Are you spending too much time on your novel’s text design? Here’s how to use the Styles function in Microsoft Word to ensure the various elements are formatted consistently.
In this article, I’ll walk you through the following:
What is the Styles tool?
The Styles tool allows you to apply design consistency to the various text elements in your book. In a novel, you might want to create different styles for the following:
Microsoft Word has a handy suite of on-board styles, though it’s unlikely they’ll match your specific requirements. Modifying these is still a little quicker than creating fresh styles so take a look at the properties and work out what you’ll retain and what you’ll change.
What properties can you influence?
You can influence every property of your text when you assign a style to it. However, in a novel, you’ll most likely focus on the following:
How to access the Styles tool
There are two ways to access the Styles function onscreen:
The gallery in the ribbon offers a preview of how the style appears. If I’m working with a lot of different text elements in a document, I find these visual clues useful when I want to locate a style quickly.
On smaller screens, less of the Styles gallery will be visible. To access the previews of all the styles in your gallery, click on the MORE arrow (circled).
A new window will appear containing the full gallery.
Why you should format with styles
Using styles gives you control over design, consistency and formatting time.
Time is money, so when you do the job instead of asking other professionals to do it, your book budgets goes further. Perhaps you can invest a little more time or money on cover design, sales and marketing, or learning how to improve writing craft.
Can you format manually? Of course, but you could be making a lot of unnecessary work for yourself.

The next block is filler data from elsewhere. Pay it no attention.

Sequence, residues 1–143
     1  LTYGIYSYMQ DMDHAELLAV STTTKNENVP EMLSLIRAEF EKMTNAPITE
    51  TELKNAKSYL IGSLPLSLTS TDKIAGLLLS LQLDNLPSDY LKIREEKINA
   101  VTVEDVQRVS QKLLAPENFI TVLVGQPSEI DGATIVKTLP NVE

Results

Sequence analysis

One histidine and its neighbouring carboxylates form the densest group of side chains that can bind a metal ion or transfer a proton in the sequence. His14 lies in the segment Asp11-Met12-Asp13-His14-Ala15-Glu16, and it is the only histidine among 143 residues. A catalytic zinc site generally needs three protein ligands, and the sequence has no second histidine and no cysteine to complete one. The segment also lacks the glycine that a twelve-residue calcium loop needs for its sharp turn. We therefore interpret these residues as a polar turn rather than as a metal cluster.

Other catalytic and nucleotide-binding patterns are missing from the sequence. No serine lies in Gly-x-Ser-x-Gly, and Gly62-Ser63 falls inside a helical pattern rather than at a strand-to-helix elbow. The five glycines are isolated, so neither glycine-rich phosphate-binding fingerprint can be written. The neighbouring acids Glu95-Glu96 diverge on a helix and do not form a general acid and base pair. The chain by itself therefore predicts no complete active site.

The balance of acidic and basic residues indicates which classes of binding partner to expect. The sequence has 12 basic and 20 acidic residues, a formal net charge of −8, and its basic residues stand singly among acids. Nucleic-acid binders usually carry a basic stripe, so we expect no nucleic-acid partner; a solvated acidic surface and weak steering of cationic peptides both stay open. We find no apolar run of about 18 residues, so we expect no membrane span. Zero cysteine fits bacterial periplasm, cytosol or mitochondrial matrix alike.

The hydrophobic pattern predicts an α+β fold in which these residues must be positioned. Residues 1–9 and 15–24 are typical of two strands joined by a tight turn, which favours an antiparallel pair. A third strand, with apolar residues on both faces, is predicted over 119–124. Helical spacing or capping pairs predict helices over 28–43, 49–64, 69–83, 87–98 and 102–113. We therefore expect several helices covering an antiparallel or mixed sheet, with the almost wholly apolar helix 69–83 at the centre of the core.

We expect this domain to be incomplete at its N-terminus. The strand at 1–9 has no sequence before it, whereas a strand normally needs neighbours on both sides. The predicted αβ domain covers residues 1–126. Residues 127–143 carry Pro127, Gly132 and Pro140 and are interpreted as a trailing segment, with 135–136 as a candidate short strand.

You complete the writing, drafting, and editing, and get cracking on designing the layout. Now that there are 85,000 words in place, your thriller’s looking more like a textbook thanks to the font you’ve chosen for your main text: Arial 14. A serif font like Times New Roman would be easier on your reader’s eye.
The problem is, you can’t select all the text in the file with CTRL A and change it in one fell swoop because that would affect the chapter headings and the emails your transgressor is sending to the police, all of which are formatted differently. Instead, you have to work through the file, locate the main text elements manually, and change the font.
If, however, you’ve assigned a style to your main text, you can modify that font property in just a few clicks. The change will automatically change all the main text, and only that element, to your new font. Further down, I’ll show you how.
You’ve written 12 additional paragraphs for your book but they’re in another document. You copy and paste the writing into your book file. Now you have to manually format the new sections so that they match the existing work.
If you’ve assigned styles, however, it’s as simple as cut, paste and left-click. Job done.
How to create a style
There are several ways to create a style in Word:
1A. Manual method
Open the styles pane and left-click on the A+ button in the bottom-left-hand corner.
A new window will open (CREATE NEW STYLE FROM FORMATTING). Now you can give your style a name (1) and assign properties to the font, paragraph spacing and page flow (2 and 3).
1B. Manual method B
Alternatively, right-click on a piece of text that’s already formatted according to your preferences. A mini toolbar will appear. Click on the Styles button.
A new window will appear. Left-click on CREATE A STYLE.
Name your style, modify if you wish, and left-click OK.
2. Updating method
Select a piece of text that’s already formatted according to your preferences. Now head up to the Styles gallery in the ribbon, or the Styles pane, and right-click on an unused style that you’re happy to update. Hover over UPDATE [STYLE] TO MATCH SELECTION, then left-click.
How to modify a style
There are two ways to modify a style in Word:
1. Styles gallery
Go to the Styles gallery in the ribbon and right-click on the style you want to modify.